Switching from a Paper Journal to Bloom Built’s Day One

As I approach my fourth month on the road, I continue to refine and optimize the gear that I carry with me. My rule, which I’ve slightly modified because I now also bring a camera bag, is that everything that I have must fit in my 40-liter pack. That means that each item that I carry is scrutinized for its efficacy and long-term value. Some things I keep with me, while others like my paper journal, I discard. 

Before I bought a camera in Ho Chi Minh City, I always took my Midori Traveler’s Notebook in a tiny shoulder bag. That way, it was always at the ready whenever I wanted to write, whether in a coffee shop, a street bench, over lunch, wherever. But my camera displaced my notebook bag since I found carrying them both to be too cumbersome. As a result, I found that I only journaled in my hotel room which wasn’t good because most of my inspiration comes while walking, and is long gone by the time I’ve returned.

Paper journals also take up space and add weight. Along with my leather journal cover, I have six months or more of heavy paper inserts. I’m surprised at how much these things weigh. 

So I’ve switched to using Day One

Since my iPhone is always with me, Day One is always with me. That allows me to journal whenever, and wherever, I want. Initially, I feared that the iPhone’s small keyboard would prove problematic since I type with it using one finger, but I’ve found a rhythm that helps bring flow to my thoughts. Because of that, my writing output has increased, and I’m capturing more memories and ideas than ever. 

Day One also allows me to add photos to journal entries, which is something that I couldn’t do promptly with my paper journal (and in practice never did). Often, while I’m at a coffee shop, I’ll transfer photos taken on my walk from my camera to Lightroom, and edit them on my phone over tea. With Day One I’m able to add my favorite pictures into a journal entry and write about them. Or I can attach a screenshot of a favorite quote I’ve found online that I want to remember or write about. 

And, although my journal needs seem rudimentary to me (I’m not worried about voice transcription, IFTT, or so many of the other features that I’m sure more advanced users love), I particularly love Day One’s interface. It’s clean, intuitive, and invites writing. Interface is king, and so many other journal apps I’ve looked at just haven’t cracked that nut. I don’t want to spend my time hunting around trying to discover new features, or even wonder how to add a new entry; I want to spend my time writing.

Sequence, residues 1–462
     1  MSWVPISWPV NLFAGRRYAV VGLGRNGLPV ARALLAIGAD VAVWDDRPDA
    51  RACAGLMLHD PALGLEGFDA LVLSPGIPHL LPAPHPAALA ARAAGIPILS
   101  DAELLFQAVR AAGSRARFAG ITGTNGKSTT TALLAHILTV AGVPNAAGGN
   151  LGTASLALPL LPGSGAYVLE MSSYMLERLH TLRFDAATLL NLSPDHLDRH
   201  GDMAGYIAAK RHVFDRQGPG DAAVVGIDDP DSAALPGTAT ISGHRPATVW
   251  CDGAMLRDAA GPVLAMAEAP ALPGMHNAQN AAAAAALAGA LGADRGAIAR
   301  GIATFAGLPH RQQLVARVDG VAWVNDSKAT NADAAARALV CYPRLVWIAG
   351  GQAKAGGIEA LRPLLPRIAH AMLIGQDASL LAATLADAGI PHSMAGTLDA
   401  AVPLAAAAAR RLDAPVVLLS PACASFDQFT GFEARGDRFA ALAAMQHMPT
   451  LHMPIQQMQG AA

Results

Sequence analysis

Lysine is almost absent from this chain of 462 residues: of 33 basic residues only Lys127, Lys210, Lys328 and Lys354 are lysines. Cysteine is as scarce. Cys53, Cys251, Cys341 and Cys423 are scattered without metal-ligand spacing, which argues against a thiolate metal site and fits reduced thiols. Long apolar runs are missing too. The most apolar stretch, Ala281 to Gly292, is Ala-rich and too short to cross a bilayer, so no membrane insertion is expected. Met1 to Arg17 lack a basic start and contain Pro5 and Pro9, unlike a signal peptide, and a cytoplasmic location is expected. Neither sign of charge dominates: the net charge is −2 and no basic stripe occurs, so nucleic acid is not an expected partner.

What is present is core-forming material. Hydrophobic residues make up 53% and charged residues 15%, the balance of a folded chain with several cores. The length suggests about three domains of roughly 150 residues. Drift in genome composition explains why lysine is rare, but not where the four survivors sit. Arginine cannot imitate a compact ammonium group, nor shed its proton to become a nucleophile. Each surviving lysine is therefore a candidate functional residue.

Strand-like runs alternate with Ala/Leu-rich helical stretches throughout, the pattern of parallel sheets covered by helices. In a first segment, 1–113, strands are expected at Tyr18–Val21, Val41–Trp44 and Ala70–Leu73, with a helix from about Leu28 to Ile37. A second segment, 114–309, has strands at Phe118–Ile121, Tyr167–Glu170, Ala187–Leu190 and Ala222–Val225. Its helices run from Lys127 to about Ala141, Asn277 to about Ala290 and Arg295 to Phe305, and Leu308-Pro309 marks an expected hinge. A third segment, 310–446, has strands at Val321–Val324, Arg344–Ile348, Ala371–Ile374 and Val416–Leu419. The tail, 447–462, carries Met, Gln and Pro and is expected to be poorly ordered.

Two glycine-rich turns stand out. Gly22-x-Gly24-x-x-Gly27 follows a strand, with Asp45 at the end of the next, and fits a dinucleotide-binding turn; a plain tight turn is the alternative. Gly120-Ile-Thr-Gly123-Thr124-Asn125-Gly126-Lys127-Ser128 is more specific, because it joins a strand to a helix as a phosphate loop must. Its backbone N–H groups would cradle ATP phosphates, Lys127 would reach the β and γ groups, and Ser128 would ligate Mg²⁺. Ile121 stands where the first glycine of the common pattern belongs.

Day One isn’t perfect. I’m particularly displeased by their subscription model. While I’m on their “Plus” plan, for which I paid a one-time fee for upgraded functionality, their current subscription model of $24.99 a year feels too expensive to me. Don’t misunderstand, I recognize that software publishers need a sustainable business model, and I support that, but $24.99 per year is steep. I would transition from being a “Plus” user to the subscription plan for $14.99 a year (the price I pay to subscribe to Bear) not because I find the feature set of Day One’s subscription plan more compelling, but because I would like to support the publisher. Or I would be happy to pay for new releases, such as the transition from version 2 to version 3 of Day One for iOS. But the current subscription plan feels too expensive. 

I’d also like Day One to add a feature that allows me to save web content to my journal. Not save a link, which it does now, but keep the website content. To me, this is a crucial feature to using Day One as a commonplace journal. I journal about articles that I’ve read (such as this one on the discovery of African-American graves in Texas and America’s history) and hate that there’s not an elegant way to capture the webpage. Sites disappear, rendering their links inert. Easily adding online content to my journal entry would be a big win for me. 

Despite these two minor quibbles, I’m happy with my transition to Day One. It is allowing me to capture my ideas nearly instantaneously, while also saving room in my backpack by eliminating my paper journal and six months of inserts. That’s a huge win.